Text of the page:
For the March rendition of Wine Blogging Wednesday, host Joe Roberts, @1WineDude, prompts us to find a red wine for the white wine drinker. Immediately, my mind went to an Australian sparkling shiraz, like Paringa: fun, bubbly, inexpensive, yet tasty. But no, Joe says which STILL red wine would you choose.
Since I am competing in the WBC-or-Bust campaign to get one of 12 spots on the bus to travel around Washington wine regions before and after this year’s Wine Bloggers conference in Walla Walla, a Washington red seemed an obvious choice. And since the following day is a Washington merlot Twitter tasting, the varietal and the region seemed clear-cut–I could get more bang from my buck!
Since there isn’t a lot to choose from around here, I asked the Wine Guy at Trader Joes, (who also blogs) which wine he would recommend. He suggested the 2007 Red Diamond which he felt was an excellent choice of a red wine for a white wine drinker. Bonus, it’s a Washington merlot AND a great value he said.
So I knew a Red Diamond merlot would be one wine I’d be tasting. But what else, I wondered.
Which got me wondering about the prompt itself: who is this mythical white wine drinker? What white wines do they like? Why don’t they drink red wines?
In real life, given this challenge, I would base my recommendation on what I knew or learned about the person. Then, I would base my decision on what was the occasion and what food was being served.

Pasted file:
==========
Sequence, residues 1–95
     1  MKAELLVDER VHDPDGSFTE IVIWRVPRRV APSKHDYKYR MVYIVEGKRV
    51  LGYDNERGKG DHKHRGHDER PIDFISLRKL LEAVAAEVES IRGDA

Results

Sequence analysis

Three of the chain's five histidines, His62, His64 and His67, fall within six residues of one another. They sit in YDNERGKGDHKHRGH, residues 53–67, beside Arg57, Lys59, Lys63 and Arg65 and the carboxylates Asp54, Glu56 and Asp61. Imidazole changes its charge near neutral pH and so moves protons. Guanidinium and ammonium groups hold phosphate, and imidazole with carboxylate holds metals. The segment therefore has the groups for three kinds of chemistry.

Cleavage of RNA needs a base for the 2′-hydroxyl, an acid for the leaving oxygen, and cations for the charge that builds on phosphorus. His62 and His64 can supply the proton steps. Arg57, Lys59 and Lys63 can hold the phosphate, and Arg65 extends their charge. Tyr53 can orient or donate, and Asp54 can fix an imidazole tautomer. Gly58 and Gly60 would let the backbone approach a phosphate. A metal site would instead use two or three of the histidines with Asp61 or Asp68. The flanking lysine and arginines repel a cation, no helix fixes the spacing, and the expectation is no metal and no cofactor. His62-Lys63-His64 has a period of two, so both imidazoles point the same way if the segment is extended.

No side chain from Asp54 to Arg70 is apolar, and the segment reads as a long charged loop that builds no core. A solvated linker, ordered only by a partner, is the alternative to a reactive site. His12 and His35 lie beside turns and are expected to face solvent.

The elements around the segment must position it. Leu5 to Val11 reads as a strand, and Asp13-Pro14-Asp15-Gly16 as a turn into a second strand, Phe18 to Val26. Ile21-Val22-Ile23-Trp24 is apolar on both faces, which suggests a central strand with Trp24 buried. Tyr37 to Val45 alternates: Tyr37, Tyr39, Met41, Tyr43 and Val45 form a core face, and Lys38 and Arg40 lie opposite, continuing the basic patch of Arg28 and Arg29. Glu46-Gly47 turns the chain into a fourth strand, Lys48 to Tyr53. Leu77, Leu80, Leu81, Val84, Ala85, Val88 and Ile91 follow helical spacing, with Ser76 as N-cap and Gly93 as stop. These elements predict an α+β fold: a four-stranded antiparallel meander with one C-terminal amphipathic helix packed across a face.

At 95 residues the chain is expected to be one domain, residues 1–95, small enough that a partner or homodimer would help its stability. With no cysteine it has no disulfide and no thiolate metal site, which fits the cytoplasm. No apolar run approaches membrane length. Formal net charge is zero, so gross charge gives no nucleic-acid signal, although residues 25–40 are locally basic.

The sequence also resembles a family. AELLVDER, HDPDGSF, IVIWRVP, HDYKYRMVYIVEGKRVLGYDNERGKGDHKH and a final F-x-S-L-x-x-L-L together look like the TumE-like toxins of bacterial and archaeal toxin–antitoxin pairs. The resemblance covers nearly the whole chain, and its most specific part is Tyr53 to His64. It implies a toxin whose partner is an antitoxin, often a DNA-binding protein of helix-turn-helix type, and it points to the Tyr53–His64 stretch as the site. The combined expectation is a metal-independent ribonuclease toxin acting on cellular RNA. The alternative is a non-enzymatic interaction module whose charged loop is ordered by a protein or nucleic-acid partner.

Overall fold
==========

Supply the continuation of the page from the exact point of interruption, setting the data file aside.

What food screams red wine to me? What food really elevates the experience of the wine–and vice versa? Which food demands red wine? STEAK!
I immediately imagined the scenario of the red wine drinker and the white wine drinker at a steak house trying to agree on a bottle of wine and settling on wines by the glass. If that mythical white wine drinker sticks to his or her white wine allegiance, he or she is missing out.
What else to try for this challenge was determined by the generosity of Shane Gelinas of the Gelinas Wine Group. Yesterday I had the good fortune of attending an industry tasting of Gelinas wines as well as wines from the Truman Wine Company. When the tasting was over, I asked Shane if I could take some wine home with me–especially wines that I didn’t get a chance to taste (because I spend too much time talking with winemakers!!). He told me to take what interested me that was open so I picked up two reds (a Folkway Cab which I hadn’t had a chance to taste and was VERY anxious to, a 2006 Latria Spanish grenache carinene blend, a 2007 Groundwork grenache I adored, and I was offered two whites which I had tasted and liked a lot.
Now that I had for wines for WBW#67, the question was: what should I pair them with for dinner?
No surprise here: I picked up a ribeye steak for myself, and a chicken breast for my spouse which we prepared with pesto and oyster mushrooms, plus mushroom risotto and green salad on the side. (He’s recovering from a traumatic bicycle accident where he broke his C2; only yesterday was he permitted by his doctor to take his neck brace off. His “chew” muscles are still getting strong enough for a steak, even a tender rib-eye!).
First off, we (my friend Dave, my husband and myself) tasted the 2007 Red Diamond Merlot, under $10 out the door from Trader Joe’s. We didn’t like the nose when I first opened the bottle–a little strange and funky with an alcoholic chaser. In the glass, the color was nice with some depth. There was a surprising richness to the wine, almost syrah like, with plum and cherry, but no cola. It had a bright, clean finish, and for how much fruit character it showed, it was also nicely balanced.